Traverse City News and Events

Developer Abandons 100-Foot Building Plans; Will Build To 60 Feet Instead

By Beth Milligan | July 21, 2019

Traverse City developer Tom McIntyre will not appeal a court ruling blocking his chances of building a 100-foot building on State Street, telling The Ticker he will move forward instead with a 60-foot building on the site next to the Park Place Hotel.

McIntyre lost a lawsuit last month in which he sued the City of Traverse City over Proposal 3, the city charter amendment requiring a public vote on buildings over 60 feet high. McIntyre asked the courts to declare Proposal 3 illegal, saying it unfairly interfered with owners' property rights. McIntyre had already gone through the city's outlined approval process for his proposed 100-foot-tall Peninsula Place building (pictured), receiving planning commission approval for the project and then going to voters for their approval last November. But the proposal was rejected at the polls, leaving either a lawsuit to overturn Proposal 3 or repeated future ballot attempts as McIntyre's only options to continue with a 100-foot building.

After Judge Thomas Power ruled against McIntyre in June, the developer had 30 days to file an appeal. That deadline passed Friday, with McIntyre telling The Ticker he "debated very seriously" appealing but ultimately decided to move forward with a redesigned building just under 60 feet, which won't require voter approval.

"If we had decided to pursue (an appeal), we would have won, because the law is clearly on our side," he says. "Judge Power unfortunately made a bad ruling. We could have gone all the way to the Supreme Court, but we didn't know if it would take another one year, two years, three years. In the next three years, the economy could totally change in a way that could negatively impact developments, including ours. We thought it made sense to move ahead (with a redesigned building)."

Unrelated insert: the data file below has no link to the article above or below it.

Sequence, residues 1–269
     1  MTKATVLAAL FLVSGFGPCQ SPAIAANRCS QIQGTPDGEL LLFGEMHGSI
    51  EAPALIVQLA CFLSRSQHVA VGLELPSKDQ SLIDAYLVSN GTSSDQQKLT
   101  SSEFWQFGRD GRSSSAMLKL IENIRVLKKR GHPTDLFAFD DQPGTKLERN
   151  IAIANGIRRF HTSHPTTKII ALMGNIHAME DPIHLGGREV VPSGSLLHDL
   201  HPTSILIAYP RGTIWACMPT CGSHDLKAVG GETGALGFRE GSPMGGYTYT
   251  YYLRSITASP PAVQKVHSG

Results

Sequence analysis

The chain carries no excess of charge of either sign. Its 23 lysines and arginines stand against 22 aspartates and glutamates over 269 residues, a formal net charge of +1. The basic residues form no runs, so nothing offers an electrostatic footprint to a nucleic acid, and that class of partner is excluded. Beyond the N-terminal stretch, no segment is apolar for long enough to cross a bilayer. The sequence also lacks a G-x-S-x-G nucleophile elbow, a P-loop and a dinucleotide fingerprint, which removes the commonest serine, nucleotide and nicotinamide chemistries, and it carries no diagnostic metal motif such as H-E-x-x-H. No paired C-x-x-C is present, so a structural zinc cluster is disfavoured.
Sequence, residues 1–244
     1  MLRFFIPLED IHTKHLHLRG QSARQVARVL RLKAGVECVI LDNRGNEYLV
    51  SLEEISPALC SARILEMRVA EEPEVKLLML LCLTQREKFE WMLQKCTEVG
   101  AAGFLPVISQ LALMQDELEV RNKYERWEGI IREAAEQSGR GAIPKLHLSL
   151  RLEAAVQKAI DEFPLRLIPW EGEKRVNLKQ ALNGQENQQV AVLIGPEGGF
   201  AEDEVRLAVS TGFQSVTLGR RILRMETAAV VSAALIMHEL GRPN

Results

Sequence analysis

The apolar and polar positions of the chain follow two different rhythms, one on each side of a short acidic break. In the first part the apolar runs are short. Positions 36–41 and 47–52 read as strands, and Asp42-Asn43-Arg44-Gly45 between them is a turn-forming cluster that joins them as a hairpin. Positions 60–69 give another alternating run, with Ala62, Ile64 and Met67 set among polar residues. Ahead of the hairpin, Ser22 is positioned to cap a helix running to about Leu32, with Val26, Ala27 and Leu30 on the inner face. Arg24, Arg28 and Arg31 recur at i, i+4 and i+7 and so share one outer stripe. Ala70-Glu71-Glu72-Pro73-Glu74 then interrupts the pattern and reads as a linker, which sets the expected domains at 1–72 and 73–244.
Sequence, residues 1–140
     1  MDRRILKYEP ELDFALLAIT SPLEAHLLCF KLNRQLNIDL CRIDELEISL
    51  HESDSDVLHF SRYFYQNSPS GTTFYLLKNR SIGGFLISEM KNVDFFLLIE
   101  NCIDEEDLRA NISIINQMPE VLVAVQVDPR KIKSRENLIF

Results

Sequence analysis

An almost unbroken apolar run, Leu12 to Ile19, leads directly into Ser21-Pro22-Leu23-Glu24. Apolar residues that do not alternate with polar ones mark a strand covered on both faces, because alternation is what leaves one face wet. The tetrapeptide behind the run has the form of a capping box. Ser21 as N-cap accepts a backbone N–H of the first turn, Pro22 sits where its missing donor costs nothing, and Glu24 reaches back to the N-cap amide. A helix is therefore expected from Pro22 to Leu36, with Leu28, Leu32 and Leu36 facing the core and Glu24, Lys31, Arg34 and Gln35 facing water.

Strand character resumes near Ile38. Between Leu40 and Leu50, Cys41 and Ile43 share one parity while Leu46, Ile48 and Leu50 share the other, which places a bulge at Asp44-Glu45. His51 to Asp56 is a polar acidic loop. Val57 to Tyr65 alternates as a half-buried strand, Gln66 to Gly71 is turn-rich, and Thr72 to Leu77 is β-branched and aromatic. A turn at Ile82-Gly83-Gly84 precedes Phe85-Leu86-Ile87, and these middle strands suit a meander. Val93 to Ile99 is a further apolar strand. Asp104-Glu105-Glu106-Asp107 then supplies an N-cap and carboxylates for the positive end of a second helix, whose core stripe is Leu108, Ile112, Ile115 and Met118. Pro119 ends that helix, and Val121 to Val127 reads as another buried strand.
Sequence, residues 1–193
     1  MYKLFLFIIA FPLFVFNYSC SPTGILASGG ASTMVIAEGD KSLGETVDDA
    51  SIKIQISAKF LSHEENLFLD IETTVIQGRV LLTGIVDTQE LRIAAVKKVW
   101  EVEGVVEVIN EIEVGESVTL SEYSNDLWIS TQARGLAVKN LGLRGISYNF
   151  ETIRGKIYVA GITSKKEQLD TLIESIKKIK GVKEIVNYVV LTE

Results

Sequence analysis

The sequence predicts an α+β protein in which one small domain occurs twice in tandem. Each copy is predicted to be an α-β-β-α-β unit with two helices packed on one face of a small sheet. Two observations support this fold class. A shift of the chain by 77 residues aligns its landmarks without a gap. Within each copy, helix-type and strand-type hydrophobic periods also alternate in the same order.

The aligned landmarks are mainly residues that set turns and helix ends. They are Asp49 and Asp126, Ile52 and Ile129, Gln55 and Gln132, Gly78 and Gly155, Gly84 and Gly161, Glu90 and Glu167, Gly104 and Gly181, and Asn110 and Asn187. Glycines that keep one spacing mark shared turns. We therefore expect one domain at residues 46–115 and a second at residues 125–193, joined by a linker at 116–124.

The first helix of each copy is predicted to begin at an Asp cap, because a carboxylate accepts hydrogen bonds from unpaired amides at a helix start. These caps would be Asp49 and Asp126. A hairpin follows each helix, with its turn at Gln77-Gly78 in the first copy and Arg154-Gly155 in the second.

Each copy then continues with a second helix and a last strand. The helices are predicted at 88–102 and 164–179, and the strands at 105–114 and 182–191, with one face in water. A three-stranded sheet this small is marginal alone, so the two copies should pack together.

McIntyre says the project will feature all residential condominiums, with parking and a lobby on the ground floor and another potential underground level of parking. All of the remaining upper floors would feature condos. Architect Alexander Bogaerts of Birmingham is overseeing the design, with a more detailed building concept and renderings expected to be finalized in the next five to six weeks. "Then we will begin marketing the building, and we hope to begin construction next May," McIntyre says.

McIntyre says he believes his will not be the last lawsuit brought against the city over Proposal 3, predicting another developer could sue in the future. "I wouldn't be surprised at all if somebody else challenged (Proposal 3)," McIntyre says. "We laid the groundwork." He notes the city itself could soon face challenges with the Proposal 3 process; several proposed designs for a new city parking deck on West Front Street call for the building to be higher than 60 feet, requiring a potential public vote.

Pictured: Conceptual rendering of the former proposed 100-foot-tall Peninsula Place project. Photo credit: J. Scott Smith Visual Designs, Inc.

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